Innovative civil engineering solution to social ills – Manuel

Innovative civil engineering solution to social ills – Manuel

Photo by Duane Daws
Trevor Manuel

10th November 2017

By: Megan van Wyngaardt
Creamer Media Contributing Editor Online


Unless South Africa and its citizens deal with the issue of widespread corruption, the country will not be able to provide the “kinds of engineering services” that it ought to provide to people, former Finance Minister and Minister in the Presidency Trevor Manuel has said.

Speaking at a South African Institution of Civil Engineering Young Members leadership event on Friday, Manuel noted that the country was still facing many social challenges that stemmed from a lack of proper planning and engineering.

Transport engineering hasn’t found its proper place,” he stated, noting that areas such as Soweto and Lanseria were still “far away” from the business districts of Gauteng.

This, Manuel said, left open the conversation about reconfiguring the way South Africans live. “We can’t keep building further. If we build further south than Orange Farm, we’re going to be in the Free State,” he noted, adding that, in other major metropolitans across the world, such as New York and Mumbai, the density figures were much higher, at 9 600 people per square kilometre and 32 814 people per square kilometre, respectively.

In contrast, the Western Cape’s density stood at 1 293 people per square kilometre. Yet, South Africa was facing significant water and landfill issues, which Manuel said could be solved through innovative civil engineering.

“There are so many landfill sites around Johannesburg and Tshwane where there are huge problems. There’s seepage, there’s smell, there’s the inability to manage what goes into landfill and there is the fact that we are quite a noncompliant society,” he pointed out.

Water is the biggest challenge for every engineer . . . I can’t for the life of me see why we haven’t been smarter about filtering acid mine drainage. There’s a large source of water,” Manuel said, noting that the idea of recycled water had already been done in the coalfields of Mpumalanga, as well as in Singapore.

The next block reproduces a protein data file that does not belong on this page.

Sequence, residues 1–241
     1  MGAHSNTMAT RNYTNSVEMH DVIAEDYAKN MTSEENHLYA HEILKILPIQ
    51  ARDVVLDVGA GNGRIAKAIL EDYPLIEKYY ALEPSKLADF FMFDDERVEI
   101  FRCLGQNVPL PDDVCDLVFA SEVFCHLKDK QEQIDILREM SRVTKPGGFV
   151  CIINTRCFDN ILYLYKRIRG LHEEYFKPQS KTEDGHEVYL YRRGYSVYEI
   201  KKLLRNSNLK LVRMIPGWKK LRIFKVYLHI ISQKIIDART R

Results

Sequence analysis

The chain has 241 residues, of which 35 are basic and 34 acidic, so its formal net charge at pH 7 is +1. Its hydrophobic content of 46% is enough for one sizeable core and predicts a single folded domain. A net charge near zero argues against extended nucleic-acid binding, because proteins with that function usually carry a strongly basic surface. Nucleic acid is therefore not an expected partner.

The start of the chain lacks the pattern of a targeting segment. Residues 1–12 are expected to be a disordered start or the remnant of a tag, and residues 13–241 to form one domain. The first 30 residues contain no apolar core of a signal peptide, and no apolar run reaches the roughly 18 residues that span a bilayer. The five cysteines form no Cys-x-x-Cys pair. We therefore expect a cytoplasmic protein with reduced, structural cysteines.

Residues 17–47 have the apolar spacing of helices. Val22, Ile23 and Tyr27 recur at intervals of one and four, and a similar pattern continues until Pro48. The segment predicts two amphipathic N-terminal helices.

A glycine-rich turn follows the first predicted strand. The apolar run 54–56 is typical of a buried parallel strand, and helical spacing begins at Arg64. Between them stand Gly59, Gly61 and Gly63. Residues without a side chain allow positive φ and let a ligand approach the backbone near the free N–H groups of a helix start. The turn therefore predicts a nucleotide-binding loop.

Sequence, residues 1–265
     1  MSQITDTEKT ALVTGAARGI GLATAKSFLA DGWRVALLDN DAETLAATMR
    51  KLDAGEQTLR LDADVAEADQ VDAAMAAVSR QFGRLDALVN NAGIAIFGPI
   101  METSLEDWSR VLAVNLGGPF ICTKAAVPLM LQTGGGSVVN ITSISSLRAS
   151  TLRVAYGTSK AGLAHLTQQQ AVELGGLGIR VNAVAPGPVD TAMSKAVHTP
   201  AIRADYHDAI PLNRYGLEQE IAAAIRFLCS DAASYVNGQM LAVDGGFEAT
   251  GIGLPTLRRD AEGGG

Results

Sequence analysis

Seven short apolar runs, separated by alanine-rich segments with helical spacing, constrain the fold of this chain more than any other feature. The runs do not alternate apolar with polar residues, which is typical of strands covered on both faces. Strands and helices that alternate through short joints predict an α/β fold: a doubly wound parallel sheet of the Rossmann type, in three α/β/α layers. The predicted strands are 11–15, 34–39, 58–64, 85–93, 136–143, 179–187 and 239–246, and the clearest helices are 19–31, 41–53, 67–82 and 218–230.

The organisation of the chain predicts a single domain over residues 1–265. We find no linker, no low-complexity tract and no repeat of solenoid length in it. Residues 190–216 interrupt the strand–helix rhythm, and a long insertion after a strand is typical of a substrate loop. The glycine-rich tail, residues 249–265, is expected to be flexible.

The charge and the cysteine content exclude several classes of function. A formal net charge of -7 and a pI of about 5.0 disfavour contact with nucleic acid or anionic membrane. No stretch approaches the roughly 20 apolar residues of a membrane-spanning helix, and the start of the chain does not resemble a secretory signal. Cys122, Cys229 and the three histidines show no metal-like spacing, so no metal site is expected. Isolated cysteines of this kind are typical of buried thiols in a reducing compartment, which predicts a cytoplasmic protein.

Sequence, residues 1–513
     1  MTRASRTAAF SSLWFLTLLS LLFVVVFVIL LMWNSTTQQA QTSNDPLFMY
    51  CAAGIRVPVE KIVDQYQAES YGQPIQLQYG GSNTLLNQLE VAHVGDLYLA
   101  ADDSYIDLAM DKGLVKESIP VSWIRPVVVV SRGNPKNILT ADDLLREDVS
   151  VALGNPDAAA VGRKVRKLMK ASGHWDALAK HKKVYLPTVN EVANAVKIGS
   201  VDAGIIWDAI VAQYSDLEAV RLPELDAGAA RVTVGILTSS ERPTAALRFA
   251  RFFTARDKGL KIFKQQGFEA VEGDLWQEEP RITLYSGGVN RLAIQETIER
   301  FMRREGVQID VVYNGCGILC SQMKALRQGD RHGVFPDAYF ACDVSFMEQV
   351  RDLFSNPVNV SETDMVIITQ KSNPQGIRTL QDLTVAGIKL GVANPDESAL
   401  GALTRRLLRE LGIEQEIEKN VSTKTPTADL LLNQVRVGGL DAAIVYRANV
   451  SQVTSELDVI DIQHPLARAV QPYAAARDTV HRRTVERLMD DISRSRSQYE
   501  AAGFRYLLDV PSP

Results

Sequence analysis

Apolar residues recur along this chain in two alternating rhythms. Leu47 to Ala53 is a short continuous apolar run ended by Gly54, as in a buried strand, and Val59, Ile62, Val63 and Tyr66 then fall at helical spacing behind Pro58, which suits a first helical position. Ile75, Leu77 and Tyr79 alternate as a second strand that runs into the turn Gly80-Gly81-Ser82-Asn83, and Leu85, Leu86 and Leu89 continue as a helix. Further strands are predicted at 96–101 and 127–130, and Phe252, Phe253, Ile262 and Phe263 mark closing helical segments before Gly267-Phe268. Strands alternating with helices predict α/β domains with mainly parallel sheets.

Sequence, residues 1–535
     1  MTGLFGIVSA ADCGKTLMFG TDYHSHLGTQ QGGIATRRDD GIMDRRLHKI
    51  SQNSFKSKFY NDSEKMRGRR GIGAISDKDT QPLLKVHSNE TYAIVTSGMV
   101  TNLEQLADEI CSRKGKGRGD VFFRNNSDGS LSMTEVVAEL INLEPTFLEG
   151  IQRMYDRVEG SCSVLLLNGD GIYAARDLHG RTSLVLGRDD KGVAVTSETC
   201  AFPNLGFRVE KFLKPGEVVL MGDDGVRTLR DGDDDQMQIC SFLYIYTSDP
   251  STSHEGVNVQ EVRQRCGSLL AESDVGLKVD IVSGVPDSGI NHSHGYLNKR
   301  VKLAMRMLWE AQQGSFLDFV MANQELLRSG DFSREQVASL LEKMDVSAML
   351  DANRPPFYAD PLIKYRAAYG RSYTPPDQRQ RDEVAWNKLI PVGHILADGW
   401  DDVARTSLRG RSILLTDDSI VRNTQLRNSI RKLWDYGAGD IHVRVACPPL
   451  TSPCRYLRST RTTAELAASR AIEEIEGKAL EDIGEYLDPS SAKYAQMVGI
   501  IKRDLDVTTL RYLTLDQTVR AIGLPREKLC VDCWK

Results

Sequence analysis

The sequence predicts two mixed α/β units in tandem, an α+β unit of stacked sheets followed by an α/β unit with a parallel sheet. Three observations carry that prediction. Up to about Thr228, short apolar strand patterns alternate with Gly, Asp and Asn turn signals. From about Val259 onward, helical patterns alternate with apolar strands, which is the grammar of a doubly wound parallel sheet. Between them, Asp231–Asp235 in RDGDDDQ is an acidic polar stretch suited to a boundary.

Meanwhile, on the issue of ongoing mistrust between government and the private sector, Manuel pointed out that the uncovered collusion that took place during the building of the stadiums for the FIFA World Cup, in 2010, was contributing to these issues.

“There were a heck of a lot of opportunities for engineering and then there was the collusion. It’s a horrible story and I think it has contributed greatly to a large breakdown in trust,” he pointed out.

However, he stated that the private sector was not the sole perpetrator. “There is undoubtedly so much corruption, so much violation of legislation,” he said, noting that the current Eskom enquiry was indicative of the scale of the problem.

“When you have problems in the order of that magnitude, then it limits the ability to do other things. When you have a utility, that’s not a utility – that’s actually a nest of incompetence – electricity, that uniquely generates and transmits and in large parts distributes as well, and you have corruption of that magnitude, then you have a major problem,” Manuel averred.

“What the world needs now is a new approach to engineering,” he said, highlighting China as a prime example of how engineering could be implemented for the betterment of the country’s citizens.

Manuel cited that the country had built 87 metrorail systems between 2009 and 2013, which added 3 100 km to the country’s rail network.

“It’s about finding solutions like that, that I think will bring engineering back into fashion,” Manuel noted.

Edited by: Chanel de Bruyn
Creamer Media Senior Deputy Editor Online


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